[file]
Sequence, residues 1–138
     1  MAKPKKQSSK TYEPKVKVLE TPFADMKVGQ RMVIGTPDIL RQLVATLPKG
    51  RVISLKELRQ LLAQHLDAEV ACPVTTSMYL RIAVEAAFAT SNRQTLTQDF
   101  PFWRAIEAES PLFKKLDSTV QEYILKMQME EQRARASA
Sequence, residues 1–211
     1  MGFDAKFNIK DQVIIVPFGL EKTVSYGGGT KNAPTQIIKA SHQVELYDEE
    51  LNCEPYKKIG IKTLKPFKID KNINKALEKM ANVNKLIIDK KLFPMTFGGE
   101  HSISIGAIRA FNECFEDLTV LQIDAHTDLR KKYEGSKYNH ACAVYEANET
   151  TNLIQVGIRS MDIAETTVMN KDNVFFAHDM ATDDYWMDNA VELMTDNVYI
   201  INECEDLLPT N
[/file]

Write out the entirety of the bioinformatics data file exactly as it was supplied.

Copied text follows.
Sequence, residues 1–138
     1  MAKPKKQSSK TYEPKVKVLE TPFADMKVGQ RMVIGTPDIL RQLVATLPKG
    51  RVISLKELRQ LLAQHLDAEV ACPVTTSMYL RIAVEAAFAT SNRQTLTQDF
   101  PFWRAIEAES PLFKKLDSTV QEYILKMQME EQRARASA
Sequence, residues 1–211
     1  MGFDAKFNIK DQVIIVPFGL EKTVSYGGGT KNAPTQIIKA SHQVELYDEE
    51  LNCEPYKKIG IKTLKPFKID KNINKALEKM ANVNKLIIDK KLFPMTFGGE
   101  HSISIGAIRA FNECFEDLTV LQIDAHTDLR KKYEGSKYNH ACAVYEANET
   151  TNLIQVGIRS MDIAETTVMN KDNVFFAHDM ATDDYWMDNA VELMTDNVYI
   201  INECEDLLPT N